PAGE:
After nearly 70 years of treats like pan dulce and conchas, La Victoria Mexican Bakery & Cafe closes on today on 24th Street. The corner panaderia and its bright red neon sign have been a beacon of the Mexican American corridor since 1951, when Gabriel Maldonado opened with traditional Mexican baked goods — and for several decades an attached restaurant — in what was then a mostly Italian and Irish neighborhood.
Family disagreements were the bakery’s undoing. “What led to the closure was straight up misunderstanding and greed,” says Gabriel’s son Jaime Maldonado, the bakery’s longtime operator.
Now it’s being evicted by the very family that owns it, according to Mission Local, and the sheriff will verify that the bakery space is vacant by 6 a.m. tomorrow.
La Victoria and its building at 2937 24th Street are owned by a Maldonado family trust, overseen by Gabriel Maldonado’s wife Susana. Jaime took over operations at La Victoria bakery from his father in the 1990s.
Jaime and Susana, his stepmother, have disagreed bitterly over the property. In 2015, a small fire above the bakery displaced the Maldonado’s tenants and soured relations among the trust. The family lost income, were required to make expensive repairs, and eventually, were sued by former tenants.
“They didn’t understand the nature of San Francisco, the nature of insurance, the housing crisis,” says Maldonado of the family trust. “They thought it’d be easy.”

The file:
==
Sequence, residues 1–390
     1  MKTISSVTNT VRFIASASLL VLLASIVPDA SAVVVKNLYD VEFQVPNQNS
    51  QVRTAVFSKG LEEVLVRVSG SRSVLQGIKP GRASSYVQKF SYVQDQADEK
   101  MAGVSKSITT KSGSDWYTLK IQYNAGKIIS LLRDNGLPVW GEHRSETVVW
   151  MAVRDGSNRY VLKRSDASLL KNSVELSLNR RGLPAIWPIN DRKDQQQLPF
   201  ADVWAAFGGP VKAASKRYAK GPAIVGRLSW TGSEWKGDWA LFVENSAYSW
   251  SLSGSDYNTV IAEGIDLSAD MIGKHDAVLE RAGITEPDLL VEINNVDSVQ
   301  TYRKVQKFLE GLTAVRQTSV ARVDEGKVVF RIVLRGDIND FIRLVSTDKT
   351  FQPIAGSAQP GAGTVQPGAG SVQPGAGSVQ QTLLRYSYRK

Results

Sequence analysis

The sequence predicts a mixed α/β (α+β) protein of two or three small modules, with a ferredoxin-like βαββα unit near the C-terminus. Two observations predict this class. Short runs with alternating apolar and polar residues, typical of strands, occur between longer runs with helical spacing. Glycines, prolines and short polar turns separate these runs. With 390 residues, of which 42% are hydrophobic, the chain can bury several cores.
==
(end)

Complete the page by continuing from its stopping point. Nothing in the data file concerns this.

To recoup their losses and leave the rental business, the family trust listed the building in February for $3.4 million. In January, Jaime Maldonado left the bakery. He contracted management to a former employee, Laura Hernandez, and subleased space to a wholesale bakery, Sour Flour, run by Danny Gabriner.
In September, Jaime himself served an eviction notice to Hernandez, requiring La Victoria and its 15 employees, as well as Sour Flour, to vacate the premises. To fight the eviction, Hernandez launched a GoFundMe effort, raising $3,000 of a $25,000 goal. Hernandez reportedly hoped to buy the business, but the trust has no plans to sell it, according to Jaime Maldonado.
Others, like Gabriner, had hoped the Mission Economic Development Agency might buy the building and save the bakery with it. MEDA did enter a market rate bid on the building, but the nonprofit’s offer is unlikely to win out against an offer that could be significantly higher. Gabriner and Hernandez will now move to commissary kitchen space elsewhere, they say.
“I’m deeply saddened, and it’s a gut punch, but it’s been one for a while,” says Maldonado. “Right now we’re just picking at the scab.”
“La Victoria — 24th Street — the Mission — has enriched my life beyond belief,” he adds. “It’s given me a unique neighborhood perspective, a unique perspective on being Latino, a minority, an entrepreneur, being socially minded, and understanding how our community works. No one does it on our own. It was a front row seat to politics... to corruption. To greed, enrichment — to thousands and thousands of stories and people.”
“It’s a fairy tale with a sad ending, to be honest.”